Example

The example is related to an Area object, which I used in object tracking software. It represents an Area of an image; just the rectangle's dimensions and position, and not the content in pixels.

Area is a classic Value Object with a related algebra: I would intersecate areas, breaking them up in several subareas, extend them a few pixels, or move them on the image at a certain speed. There are several ways to create an Area. The constructor models two use cases:

  • two opposite corners are given. A rectangle is uniquely determined.
  • an Area is built around a center point, of a particular size (square by default.)
<?php
class ReplaceConstructorWithFactoryMethod extends PHPUnit_Framework_TestCase
{
    public function testAnAreaIsCreatedGivenTheTwoOppositeCorners()
    {
        $area = new Area(1, 11, 100, 210);
        $this->assertEquals(20000, $area->measure());
    }

    public function testAnAreaIsCreatedAroundAPoint()
    {
        $area = new Area(400, 500, 100);
        $this->assertEquals(10000, $area->measure());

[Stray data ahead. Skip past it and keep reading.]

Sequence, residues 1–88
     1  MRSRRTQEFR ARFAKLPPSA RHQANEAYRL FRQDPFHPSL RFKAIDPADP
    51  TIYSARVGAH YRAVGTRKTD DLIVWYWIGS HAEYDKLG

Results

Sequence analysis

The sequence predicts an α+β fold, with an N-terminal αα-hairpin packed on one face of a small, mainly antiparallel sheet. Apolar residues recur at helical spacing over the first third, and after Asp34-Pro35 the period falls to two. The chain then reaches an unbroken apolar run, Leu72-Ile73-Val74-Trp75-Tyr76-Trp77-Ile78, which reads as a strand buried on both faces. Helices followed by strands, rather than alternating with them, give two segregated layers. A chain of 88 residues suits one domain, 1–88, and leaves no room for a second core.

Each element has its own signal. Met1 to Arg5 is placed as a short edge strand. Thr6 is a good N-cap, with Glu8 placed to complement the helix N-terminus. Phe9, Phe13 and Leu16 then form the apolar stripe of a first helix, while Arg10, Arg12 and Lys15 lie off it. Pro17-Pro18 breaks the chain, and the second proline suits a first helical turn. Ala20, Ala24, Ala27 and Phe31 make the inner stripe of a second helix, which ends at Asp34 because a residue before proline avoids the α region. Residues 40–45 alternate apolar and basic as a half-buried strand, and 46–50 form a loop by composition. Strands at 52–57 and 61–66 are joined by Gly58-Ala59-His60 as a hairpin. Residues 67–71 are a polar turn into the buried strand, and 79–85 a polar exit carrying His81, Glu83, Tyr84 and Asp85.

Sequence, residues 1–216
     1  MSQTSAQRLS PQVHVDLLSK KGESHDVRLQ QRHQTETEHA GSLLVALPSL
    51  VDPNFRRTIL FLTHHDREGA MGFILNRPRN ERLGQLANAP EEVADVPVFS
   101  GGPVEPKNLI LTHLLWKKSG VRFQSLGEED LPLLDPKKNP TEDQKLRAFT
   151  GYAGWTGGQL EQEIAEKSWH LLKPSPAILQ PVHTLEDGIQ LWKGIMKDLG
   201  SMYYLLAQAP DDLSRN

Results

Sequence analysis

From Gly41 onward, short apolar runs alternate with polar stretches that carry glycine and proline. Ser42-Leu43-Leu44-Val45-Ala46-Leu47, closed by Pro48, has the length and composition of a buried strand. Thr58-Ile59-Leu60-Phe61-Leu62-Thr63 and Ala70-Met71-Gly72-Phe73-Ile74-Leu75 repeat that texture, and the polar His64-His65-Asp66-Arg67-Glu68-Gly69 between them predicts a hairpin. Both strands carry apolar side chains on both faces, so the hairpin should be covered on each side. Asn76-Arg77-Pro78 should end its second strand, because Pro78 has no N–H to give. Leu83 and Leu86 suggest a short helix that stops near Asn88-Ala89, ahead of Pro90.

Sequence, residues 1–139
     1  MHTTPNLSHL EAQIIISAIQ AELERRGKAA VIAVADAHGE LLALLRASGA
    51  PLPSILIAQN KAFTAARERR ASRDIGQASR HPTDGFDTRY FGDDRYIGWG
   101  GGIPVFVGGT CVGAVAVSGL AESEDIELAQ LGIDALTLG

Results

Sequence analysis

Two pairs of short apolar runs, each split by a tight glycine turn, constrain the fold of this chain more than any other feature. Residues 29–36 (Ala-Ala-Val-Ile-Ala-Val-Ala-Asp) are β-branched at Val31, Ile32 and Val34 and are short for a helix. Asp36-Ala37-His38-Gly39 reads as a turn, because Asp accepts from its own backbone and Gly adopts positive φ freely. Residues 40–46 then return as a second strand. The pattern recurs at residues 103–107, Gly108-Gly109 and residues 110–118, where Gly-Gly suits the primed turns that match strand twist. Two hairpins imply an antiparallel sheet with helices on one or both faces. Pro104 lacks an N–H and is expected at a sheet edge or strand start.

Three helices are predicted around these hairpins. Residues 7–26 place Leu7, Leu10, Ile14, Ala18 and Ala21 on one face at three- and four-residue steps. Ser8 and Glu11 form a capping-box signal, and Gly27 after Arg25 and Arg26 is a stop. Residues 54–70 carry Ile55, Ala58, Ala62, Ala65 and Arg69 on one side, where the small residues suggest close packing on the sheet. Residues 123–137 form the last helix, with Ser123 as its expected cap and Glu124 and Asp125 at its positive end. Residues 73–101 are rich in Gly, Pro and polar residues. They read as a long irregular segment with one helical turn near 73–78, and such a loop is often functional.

}
}

class Area
{
    private $first_corner_x;
    private $first_corner_y;
    private $second_corner_x;
    private $second_corner_y;

    public function __construct($first_x, $first_y, $second_x, $second_y = null)
    {
        if ($second_y === null) {
            $size = $second_x;
            $this->first_corner_x = $first_x - $size / 2 + 1;
            $this->first_corner_y = $first_y - $size / 2 + 1;
            $this->second_corner_x = $first_x + $size / 2;
            $this->second_corner_y = $first_y + $size / 2;
        } else {
            $this->first_corner_x = $first_x;
            $this->first_corner_y = $first_y;
            $this->second_corner_x = $second_x;
            $this->second_corner_y = $second_y;
        }
    }

    public function measure()
    {
        $width = $this->second_corner_x - $this->first_corner_x + 1;
        $height = $this->second_corner_y - $this->first_corner_y + 1;
        return $width * $height;
    }
}

We're going to write a Factory Method for the first use case.

class Area
{
    /* ... */
    public static function fromXYtoXY($first_x, $first_y, $second_x, $second_y)
    {
        return new self($first_x, $first_y, $second_x, $second_y);
    }
}

And now for the second use case. Right now, these methods just call new() and are syntactic sugar.

class Area
{
    /* ... */
    public static function fromXYtoXY($first_x, $first_y, $second_x, $second_y)
    {
        return new self($first_x, $first_y, $second_x, $second_y);
    }

    public static function fromCenterAndDimension($center_x, $center_y, $dimension)